The language used by some politicians in Pakistan created an environment of intolerance and hatred towards the political rivals. The Constitution of Pakistan has already defined ways to express dissent and report crime and corruption. Hurling abuses at political rivals, state institutions and any individual or entity in general breeds hatred among the masses; this hatred eventually manifests itself in the form of public violence.  

The purpose of such attacks: throwing shoes or ink is not to hurt the victim but to humiliate them and break their morale. It also creates a sense of insecurity which requires extra protection for the politicians. In a poor country like Pakistan which already struggles to feed its almost 200 million population, providing bullet proof cars and extra protection to every politician is a luxury we cannot afford.

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Such incidents also show the deep seated bigotry present in our society. There are healthier ways to express difference of opinion rather than physically and verbally attacking ones rivals. Public violence is a major issue in Pakistan whether it is in the form of lynching of Mashal Khan, the vandalism during the Faizabad sit-in or even a fight over a minor car accident. A number of thieves and criminals caught in Pakistan have been lynched by the public before the police could reach the scene.

A civilized society on the other hand reacts to situations differently, rather than resorting to violence, they raise their voices against any injustices and respect the rule of law. If justice is made a public affair, public attacks will also continue. While the attack on Nawaz Sharif is highly condemnable, he himself in many public rallies, refused to accept the rule of law and the rulings of the Supreme Court. If accountability and justice are handed over to the public, they will act accordingly.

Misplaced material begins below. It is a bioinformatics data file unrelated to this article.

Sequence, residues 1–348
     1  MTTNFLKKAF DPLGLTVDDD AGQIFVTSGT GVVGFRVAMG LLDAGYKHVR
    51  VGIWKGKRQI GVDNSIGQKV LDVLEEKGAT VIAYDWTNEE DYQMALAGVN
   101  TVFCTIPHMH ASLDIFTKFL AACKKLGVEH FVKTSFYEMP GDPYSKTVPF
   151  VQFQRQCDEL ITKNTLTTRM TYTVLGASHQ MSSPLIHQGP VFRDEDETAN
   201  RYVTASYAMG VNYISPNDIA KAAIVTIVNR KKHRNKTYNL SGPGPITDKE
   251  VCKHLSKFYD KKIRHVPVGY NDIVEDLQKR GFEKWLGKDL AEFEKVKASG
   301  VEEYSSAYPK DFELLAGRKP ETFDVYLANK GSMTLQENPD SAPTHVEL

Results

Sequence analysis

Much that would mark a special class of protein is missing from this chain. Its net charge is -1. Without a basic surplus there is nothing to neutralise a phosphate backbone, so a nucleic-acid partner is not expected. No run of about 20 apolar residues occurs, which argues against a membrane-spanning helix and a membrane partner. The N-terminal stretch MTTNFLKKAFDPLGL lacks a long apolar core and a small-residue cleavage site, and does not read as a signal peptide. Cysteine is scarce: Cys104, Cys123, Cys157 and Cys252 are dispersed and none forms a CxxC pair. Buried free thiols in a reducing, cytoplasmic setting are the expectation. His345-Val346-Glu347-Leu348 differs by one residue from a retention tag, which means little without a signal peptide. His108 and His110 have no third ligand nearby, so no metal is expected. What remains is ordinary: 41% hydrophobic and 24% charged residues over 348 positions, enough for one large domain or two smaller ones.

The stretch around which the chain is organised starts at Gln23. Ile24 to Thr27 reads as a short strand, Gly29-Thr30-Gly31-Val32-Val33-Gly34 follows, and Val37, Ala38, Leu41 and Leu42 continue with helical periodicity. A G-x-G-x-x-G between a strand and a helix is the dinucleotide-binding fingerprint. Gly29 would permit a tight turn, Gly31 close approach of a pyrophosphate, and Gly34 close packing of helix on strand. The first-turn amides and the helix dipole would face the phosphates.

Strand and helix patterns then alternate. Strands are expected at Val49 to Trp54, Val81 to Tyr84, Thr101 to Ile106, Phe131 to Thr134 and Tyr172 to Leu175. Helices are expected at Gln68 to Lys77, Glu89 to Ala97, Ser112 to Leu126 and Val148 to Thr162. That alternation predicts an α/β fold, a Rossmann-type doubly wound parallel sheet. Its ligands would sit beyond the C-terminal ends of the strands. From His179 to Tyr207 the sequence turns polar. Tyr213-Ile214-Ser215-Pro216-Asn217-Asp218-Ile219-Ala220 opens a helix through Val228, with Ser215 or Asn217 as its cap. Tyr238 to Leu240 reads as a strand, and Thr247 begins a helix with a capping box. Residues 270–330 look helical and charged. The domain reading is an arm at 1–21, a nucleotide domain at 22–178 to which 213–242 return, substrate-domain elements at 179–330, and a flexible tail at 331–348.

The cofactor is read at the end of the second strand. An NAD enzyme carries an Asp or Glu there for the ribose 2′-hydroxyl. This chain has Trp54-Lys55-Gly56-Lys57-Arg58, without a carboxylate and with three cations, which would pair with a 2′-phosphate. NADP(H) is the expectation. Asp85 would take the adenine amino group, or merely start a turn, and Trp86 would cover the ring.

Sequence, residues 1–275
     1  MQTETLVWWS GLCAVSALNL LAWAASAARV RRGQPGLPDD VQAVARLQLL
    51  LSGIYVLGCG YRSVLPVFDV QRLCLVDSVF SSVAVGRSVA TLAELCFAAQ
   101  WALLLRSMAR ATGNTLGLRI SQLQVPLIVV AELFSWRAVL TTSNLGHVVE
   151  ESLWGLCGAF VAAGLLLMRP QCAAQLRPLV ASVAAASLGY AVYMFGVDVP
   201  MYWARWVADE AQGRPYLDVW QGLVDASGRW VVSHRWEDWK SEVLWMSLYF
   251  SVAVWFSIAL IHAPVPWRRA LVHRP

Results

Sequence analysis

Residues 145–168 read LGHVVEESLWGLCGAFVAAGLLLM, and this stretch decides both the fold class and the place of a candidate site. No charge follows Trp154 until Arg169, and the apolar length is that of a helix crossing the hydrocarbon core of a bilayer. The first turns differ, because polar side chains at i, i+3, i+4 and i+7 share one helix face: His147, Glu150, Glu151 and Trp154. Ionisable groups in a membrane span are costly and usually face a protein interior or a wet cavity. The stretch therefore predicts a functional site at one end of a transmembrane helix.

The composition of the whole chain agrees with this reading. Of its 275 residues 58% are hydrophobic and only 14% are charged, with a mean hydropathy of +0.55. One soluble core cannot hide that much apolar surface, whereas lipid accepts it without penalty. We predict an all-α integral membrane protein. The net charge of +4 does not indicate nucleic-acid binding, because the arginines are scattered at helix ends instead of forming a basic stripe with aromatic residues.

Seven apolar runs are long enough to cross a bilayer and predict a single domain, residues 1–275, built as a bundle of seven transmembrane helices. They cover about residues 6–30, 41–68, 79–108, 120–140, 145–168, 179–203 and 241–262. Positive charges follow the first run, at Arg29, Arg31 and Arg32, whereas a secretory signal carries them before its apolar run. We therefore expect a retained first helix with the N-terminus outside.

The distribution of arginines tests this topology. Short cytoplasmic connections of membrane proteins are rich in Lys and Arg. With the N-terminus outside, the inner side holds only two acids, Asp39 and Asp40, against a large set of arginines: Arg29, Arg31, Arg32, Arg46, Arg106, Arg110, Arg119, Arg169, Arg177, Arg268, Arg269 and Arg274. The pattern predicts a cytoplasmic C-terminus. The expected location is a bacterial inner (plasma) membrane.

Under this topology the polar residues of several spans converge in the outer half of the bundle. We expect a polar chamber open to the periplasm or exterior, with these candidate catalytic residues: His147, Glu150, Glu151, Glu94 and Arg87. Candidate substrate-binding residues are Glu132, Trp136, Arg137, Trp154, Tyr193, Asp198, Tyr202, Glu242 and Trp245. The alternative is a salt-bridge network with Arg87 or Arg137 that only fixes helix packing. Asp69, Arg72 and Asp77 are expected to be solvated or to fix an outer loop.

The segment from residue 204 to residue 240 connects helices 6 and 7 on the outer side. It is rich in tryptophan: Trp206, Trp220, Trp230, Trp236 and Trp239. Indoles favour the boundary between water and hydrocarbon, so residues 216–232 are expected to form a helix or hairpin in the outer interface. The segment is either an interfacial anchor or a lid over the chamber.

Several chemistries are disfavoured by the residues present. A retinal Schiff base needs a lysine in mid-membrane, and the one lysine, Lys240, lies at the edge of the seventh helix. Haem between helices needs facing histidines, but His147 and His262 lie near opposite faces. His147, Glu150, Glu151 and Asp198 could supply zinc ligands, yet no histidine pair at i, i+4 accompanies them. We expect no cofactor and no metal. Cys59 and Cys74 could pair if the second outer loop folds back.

All these incidents are equally condemnable and have no place in any civilized society. They also show the growing level of intolerance in our society where healthy means of dissent are absent.

In January, there was a widespread public demand to publicly hang the rapist and murderer of 7 year old Zainab Ansari. All these actions are correlated since they show our society’s violent and voyeuristic tendencies. Rather than punishing someone through the law, we want to inflict suffering on others and take pleasure in it. There is a need to acknowledge these tendencies, only then we can work towards amending them.

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It is our basic right to disagree with someone and express their disapproval in a healthy and acceptable manner. In this regard, it is the responsibility of our rulers, leaders, teachers and media to preach tolerance. If murderers and convicts are glorified, the society will follow in their suit and act accordingly, on the other hand, if preachers of peace, love and tolerance are glorified, the society will follow them and eventually desert all sorts of violence and resort to peaceful means of debate.